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    • Ha! So sorry to read you had trouble sitting down too. It happens to me after almost every marathon. I didn’t expect it after a 10k! Thank you for your permission, Linda. I just don’t think I need the pressure. You do so well with your walking goal for each year. I like to have overage too. Cutting it close causes stress. You are right, it takes the joy out of the activity.

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      • Gripping onto the vanity to get up … I bought a yoga DVD, not opened it yet. I should have had it in the Winter when I had to leave later in the morning due to later sunrise. Now, I try to get out to walk once it’s light. I walked six miles today … it was a glorious day. Yes, it does take the fun out of any activity. I was fine when I just added one mile to my previous year’s total, then I was challenged to do the 2,020 kilometers for the year 2020 and I took that challenge. Luckily the tail end of the year was mild and no snow until Christmas Eve. Now I return to adding one mile only and celebrate any overages, but don’t surpass them.

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      • Yes, I did enjoy doing yoga in the winter, when running was sometimes dicy. I now have a very brief (maybe 7 minutes) YouTube video I often do when I return home from a run. That’s just the amount of time I like to spend on yoga. Good for you for putting the miles in! You walk a LOT of miles during the year.

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      • I must get to the DVD or YouTube until I do the DVD. I need to get some limbering up before yard work as well. That’s a good month away. I had no excuse today as I did not go out. The rain that was to end in the 8:00 o’clock hour lasted until noon, then the 30 mph winds did not entice me to go out. I spent hours putting together three posts for this week, the Part I and II of the Wildlife Refuge. I wanted to include some stats and history in the posts, so finally, it is done. And a Wordless Wednesday as well – a heron from the marsh. Back to walking, I hope, tomorrow, but weather will be a downgrade again mid-week. Must be the March lion exiting. ๐Ÿ™‚

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      • At least you were productive, even if you did not go outside. Doesn’t it feel good to get posts stockpiled ahead of time? I almost never do that. I am often scrambling to get something done on my schedule. Bill tells me it’s not a job. No consequences if I miss a post and he’s right. We took a walk this afternoon along a stream and spooked a heron and 3 pairs of wood ducks. the wood ducks are so pretty! The males have such brightly colored plumage this time of year.

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      • Yes it is good to be done Laurie – that was a lot of photos and I tried not be so lengthy in the narrative nor too picture laden. I am striving to make my posts a little shorter down the road. I have never seen a wood duck and you were lucky enough to see three pair of them – they are such beautiful ducks. And a heron too. Sounds like Harry who is fitful if he sees me. The heron I have in my Wordless Wednesday post was beyond patient while I took his pictures at Humbug Marsh.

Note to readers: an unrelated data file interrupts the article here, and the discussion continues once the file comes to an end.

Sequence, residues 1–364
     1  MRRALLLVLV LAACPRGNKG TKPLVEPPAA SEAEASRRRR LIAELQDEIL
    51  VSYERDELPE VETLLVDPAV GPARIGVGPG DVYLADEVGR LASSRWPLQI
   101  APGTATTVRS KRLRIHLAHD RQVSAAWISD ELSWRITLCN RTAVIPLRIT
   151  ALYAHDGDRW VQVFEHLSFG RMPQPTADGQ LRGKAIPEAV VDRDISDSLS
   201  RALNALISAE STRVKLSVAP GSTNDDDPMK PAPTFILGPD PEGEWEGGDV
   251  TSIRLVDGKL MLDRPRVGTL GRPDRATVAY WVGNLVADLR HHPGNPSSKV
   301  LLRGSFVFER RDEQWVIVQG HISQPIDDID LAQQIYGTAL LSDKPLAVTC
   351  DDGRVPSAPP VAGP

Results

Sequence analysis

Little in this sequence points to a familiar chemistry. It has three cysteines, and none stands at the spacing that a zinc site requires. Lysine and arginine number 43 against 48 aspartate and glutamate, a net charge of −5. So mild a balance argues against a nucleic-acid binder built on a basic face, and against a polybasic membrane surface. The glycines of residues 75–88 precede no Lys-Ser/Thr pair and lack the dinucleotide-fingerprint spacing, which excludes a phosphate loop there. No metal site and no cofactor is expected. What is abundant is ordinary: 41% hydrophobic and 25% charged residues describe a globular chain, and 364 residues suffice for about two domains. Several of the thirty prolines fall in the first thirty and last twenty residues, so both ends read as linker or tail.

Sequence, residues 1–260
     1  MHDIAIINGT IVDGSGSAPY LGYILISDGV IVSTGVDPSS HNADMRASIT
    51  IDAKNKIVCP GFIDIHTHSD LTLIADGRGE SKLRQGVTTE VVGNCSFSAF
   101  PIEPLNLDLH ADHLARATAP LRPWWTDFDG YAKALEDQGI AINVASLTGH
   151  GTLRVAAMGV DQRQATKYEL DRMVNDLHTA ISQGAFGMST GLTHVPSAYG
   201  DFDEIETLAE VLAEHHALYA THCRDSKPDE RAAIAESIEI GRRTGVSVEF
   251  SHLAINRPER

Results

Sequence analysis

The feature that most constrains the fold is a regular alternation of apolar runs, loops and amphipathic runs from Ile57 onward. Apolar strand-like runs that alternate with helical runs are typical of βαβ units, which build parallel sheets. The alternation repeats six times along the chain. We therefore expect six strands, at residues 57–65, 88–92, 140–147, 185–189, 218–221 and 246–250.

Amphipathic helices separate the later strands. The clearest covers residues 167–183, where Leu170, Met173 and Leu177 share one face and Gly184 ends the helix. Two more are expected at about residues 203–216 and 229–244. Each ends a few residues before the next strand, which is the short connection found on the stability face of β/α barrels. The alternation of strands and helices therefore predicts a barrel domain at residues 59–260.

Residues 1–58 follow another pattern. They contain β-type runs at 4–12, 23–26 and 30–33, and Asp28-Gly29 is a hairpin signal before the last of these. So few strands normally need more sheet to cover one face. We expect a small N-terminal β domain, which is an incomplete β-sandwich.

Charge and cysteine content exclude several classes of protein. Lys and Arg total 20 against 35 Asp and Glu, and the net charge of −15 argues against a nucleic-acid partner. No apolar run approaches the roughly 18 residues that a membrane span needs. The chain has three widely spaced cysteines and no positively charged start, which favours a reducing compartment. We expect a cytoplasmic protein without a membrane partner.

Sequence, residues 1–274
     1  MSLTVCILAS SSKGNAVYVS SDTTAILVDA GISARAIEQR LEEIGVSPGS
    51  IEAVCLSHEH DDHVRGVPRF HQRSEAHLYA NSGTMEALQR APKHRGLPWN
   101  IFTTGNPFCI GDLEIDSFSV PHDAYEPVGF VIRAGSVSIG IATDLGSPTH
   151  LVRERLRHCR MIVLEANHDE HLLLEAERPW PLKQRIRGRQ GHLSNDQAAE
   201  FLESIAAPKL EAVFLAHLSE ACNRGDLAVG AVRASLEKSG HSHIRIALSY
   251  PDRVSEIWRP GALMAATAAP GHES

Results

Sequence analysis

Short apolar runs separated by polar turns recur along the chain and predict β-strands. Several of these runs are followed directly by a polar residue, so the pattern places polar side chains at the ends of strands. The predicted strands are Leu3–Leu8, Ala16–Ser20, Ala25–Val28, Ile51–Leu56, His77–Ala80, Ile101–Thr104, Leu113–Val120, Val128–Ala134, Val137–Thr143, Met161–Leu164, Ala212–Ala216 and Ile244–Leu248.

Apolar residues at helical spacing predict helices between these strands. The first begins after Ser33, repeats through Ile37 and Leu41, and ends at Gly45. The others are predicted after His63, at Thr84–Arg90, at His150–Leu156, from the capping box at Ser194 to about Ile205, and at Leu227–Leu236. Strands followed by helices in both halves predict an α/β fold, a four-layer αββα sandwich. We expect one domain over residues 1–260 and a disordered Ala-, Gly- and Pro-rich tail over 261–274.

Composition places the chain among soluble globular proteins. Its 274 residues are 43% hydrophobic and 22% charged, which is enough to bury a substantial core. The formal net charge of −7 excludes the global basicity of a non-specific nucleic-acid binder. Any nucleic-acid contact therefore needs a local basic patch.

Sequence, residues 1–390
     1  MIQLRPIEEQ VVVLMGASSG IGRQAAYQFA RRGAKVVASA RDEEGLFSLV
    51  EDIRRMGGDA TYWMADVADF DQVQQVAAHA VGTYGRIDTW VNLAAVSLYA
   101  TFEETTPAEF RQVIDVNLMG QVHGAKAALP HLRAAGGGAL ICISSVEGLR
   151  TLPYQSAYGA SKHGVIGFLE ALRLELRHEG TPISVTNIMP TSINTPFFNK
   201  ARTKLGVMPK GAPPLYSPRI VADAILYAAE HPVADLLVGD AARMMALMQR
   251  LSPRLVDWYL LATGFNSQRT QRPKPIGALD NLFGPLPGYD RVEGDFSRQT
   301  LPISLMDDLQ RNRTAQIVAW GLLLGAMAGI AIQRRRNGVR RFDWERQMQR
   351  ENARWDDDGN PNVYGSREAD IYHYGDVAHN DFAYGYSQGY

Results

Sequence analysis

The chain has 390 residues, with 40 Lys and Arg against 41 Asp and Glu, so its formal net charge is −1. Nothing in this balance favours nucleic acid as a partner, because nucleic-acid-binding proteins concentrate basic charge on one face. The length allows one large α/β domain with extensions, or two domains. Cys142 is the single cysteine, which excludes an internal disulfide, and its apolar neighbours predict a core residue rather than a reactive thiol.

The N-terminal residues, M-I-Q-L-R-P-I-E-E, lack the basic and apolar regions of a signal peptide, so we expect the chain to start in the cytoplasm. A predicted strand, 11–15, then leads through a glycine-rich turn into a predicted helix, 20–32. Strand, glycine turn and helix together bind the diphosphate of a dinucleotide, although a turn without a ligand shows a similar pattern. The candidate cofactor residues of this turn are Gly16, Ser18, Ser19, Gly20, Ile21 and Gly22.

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      • Bill and I were trying not to disturb the heron. He was sitting in a tree, on a branch out over the stream. One or 2 cars went by and didn’t spook him, but when we got too close, he flew down the stream. We didn’t see him again on the way back.

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      • That’s what happens with the heron at the Park. I did see him this morning but he stayed put – must’ve seen a fish and ignored my presence. Speaking of birds in trees, I was walking home from the Park this morning and saw something large in a tree. Since the trees are still bare here, I hurried over and I spooked two female wood ducks, who flew off when I got close. First time ever for seeing wood ducks – not shots of them, as they took off too quickly.

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      • So cool that you and I were just talking about wood ducks and now you saw some. I hope you get to see a male in breeding plumage. That would be a better photo anyway. They are fast, though.

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      • Yes, I am hoping to see the male (no offense ladies). I saw nothing at the Park this morning, and not in that neighborhood, so I’ll bet they were passing by. We usually just have Mallards and American Black Ducks – no other types of ducks that I’ve seen there, except the domestic ducks that I wrote about in my post. Jocelyn Anderson posted some beautiful Wood Duck shots on her Twitter account yesterday.

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      • It was too cold and windy to go look for wood ducks today here, but I bet those 3 pairs we saw are going to nest in the area. They nest in holes in hollow trees. I think there may be some wood nest boxes in the area where we saw them. It’s cold tomorrow too, but maybe over the weekend, we will go look for them again.

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      • That’s interesting that they nest in holes in hollow trees – I will take a walk down that street and see if the tree looks dead … they were in the branches up high, but may have been spooked. I got caught in a snow squall on my walk this morning. We’d had snow in the northern ‘burbs and several accidents. I wore my hiking boots … just in case. Left with a blue sky and puffy clouds, halfway to the Park, a dark cloud, then snow showers, swirling snow at my feet and on the street, then graupel. I kept going to the Park as I knew once the cloud passed I’d be fine … 20 minutes later, you’d never know those weather conditions happened.